Smarter Responses

From an operational standpoint, adding AMI would help provide clarity to outages before sending trucks to the area. Therefore, the next logical step for MVEC to take was installation of Cooper Power Systems' power-line carrier solution for the 16,000 meters on the system. Because the benefits of an AMI system cannot be fully realized until 100% of the system is installed, MVEC took an aggressive approach to system implementation and had the Cannon infrastructure installed and operating systemwide within 16 months. While SCADA provides information at the substation level, AMI takes data to the next level by interrogating meters and providing valuable information on what is occurring outside the substation fence.

When a fault indication is read by SCADA, the probable fault location can quickly be obtained through engineering software. Next, the meters can be pinged through the OMS by selecting a specific line section to help determine the extent of the outage. By being able to select a specific line section or device from which to start pinging meters — instead of selecting all the devices on the substation or feeder — results are displayed much more quickly. In many instances, this process allows MVEC to have crews headed toward the outage before the member-consumer reports the outage. In some cases, outages are restored without ever having been reported.

There are times when a fault current matches with multiple line sections on the same substation, circuit and phase. In these instances, an individual meter can be interrogated for the time stamp and duration of the last six outages the meter experienced. This data can then be matched up with the data captured through the SCADA system to determine which device operated in the field to clear the fault. A report can be run to see if there is a trend in the data that was reported and maintenance efforts can be focused in the appropriate area.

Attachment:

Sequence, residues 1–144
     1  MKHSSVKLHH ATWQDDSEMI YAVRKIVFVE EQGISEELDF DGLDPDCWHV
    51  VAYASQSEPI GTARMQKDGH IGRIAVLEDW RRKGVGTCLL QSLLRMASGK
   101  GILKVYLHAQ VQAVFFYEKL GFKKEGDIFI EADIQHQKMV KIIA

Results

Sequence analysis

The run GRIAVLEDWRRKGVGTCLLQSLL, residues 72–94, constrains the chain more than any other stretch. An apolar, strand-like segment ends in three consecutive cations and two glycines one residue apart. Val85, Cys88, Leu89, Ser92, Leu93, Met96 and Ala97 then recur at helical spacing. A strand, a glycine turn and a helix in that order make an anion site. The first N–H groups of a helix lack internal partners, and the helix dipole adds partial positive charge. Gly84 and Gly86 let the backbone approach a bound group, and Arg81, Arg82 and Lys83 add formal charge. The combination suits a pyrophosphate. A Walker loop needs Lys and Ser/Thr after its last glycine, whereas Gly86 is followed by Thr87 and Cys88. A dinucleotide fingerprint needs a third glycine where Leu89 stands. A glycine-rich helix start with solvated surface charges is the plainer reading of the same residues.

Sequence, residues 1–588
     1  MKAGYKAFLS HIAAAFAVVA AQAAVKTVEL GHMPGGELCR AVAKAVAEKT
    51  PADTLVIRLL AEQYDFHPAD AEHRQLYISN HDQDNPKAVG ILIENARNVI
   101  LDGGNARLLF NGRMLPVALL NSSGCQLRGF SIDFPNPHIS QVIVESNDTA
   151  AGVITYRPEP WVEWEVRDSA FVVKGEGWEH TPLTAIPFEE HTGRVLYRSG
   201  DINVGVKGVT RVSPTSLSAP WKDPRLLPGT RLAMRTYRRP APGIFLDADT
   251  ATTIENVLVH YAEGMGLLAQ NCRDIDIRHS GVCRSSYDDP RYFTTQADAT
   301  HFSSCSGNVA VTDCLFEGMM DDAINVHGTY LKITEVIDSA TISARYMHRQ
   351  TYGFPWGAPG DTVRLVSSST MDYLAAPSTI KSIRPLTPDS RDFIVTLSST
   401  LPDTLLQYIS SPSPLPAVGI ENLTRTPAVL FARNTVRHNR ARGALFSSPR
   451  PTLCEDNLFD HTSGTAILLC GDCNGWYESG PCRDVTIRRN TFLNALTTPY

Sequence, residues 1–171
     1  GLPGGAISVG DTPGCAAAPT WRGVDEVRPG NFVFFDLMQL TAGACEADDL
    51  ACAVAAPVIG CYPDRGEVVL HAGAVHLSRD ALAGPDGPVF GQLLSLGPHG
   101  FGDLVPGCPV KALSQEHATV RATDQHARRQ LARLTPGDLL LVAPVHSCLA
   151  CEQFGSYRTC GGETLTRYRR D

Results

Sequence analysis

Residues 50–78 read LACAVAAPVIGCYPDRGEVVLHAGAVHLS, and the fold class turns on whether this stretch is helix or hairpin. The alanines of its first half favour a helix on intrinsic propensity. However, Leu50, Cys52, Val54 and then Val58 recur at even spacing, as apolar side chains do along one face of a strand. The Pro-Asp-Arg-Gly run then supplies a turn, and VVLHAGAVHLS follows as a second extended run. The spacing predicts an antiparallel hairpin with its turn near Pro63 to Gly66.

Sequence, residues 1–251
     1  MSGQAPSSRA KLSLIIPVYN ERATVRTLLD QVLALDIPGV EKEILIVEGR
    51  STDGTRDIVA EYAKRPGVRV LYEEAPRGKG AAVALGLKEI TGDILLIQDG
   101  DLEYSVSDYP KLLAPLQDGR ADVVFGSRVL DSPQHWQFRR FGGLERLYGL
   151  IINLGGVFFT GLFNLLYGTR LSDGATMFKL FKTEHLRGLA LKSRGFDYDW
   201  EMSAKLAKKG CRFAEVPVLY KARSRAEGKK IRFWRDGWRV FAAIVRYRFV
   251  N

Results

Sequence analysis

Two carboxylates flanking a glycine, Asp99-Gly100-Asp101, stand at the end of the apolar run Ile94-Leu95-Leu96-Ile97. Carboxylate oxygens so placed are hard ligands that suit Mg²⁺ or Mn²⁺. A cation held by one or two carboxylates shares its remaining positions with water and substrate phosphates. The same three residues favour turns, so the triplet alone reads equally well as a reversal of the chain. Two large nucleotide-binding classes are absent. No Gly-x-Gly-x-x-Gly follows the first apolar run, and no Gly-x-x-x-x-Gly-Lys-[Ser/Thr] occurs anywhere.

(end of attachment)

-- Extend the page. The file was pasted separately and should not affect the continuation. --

Notifications of Outages

Equipment failures happen. Outages occur. How quickly the engineering and operations staff becomes aware of the problem is critical to keeping reliability numbers as low as possible. Maquoketa Valley does not staff its operation center 24/7; rather, it has a contract with Cooperative Response Center (CRC) to handle outage calls and dispatch crews after normal business hours.

CRC only becomes aware of the extent of an outage after member-consumers begin calling in to report a loss of power. At that point, CRC contacts the on-call crew to handle the problem, and if enough outage calls come in, CRC contacts the on-call supervisor, as well. There needed to be a way for SCADA, OMS or AMI to notify the appropriate person when a major problem occurred before the calls were received. MVEC decided text message alerts were the solution.

When a power-supply outage occurs at a substation, a text message is sent through the SCADA system. The person in charge of handling major outages then uses a secure VPN to connect to the SCADA system from home to determine the extent of the outage. All non-electronic substation reclosers have motor-operated actuators — NASAT MC by Tyco Electronics — connected to them, enabling remote operation of the open/close and one-shot handles. Major three-phase tie lines also have motor-operated switches installed at the normal open point between substations. The combination of these devices allows circuits to be remotely switched through SCADA instead of having crews in place to do the switching manually. By transferring load through SCADA, MVEC can reduce the outage durations for power-supplier-caused outages, which historically have accounted for 30% of the total outage hours.

Alarm points have been set up on each substation recloser, so when an open status is seen, a text message is sent notifying the appropriate people. This allows crews to be dispatched without having to wait for any reported power outages. A probable fault location also can be determined, so the crew can begin looking for the cause of an outage and eliminate the need to patrol long sections of line. Once the crew has the problem resolved, they can then call to have the substation recloser closed in remotely, so they do not have to travel back to the substation, which helps decrease outage durations, as well.

Additional Alerts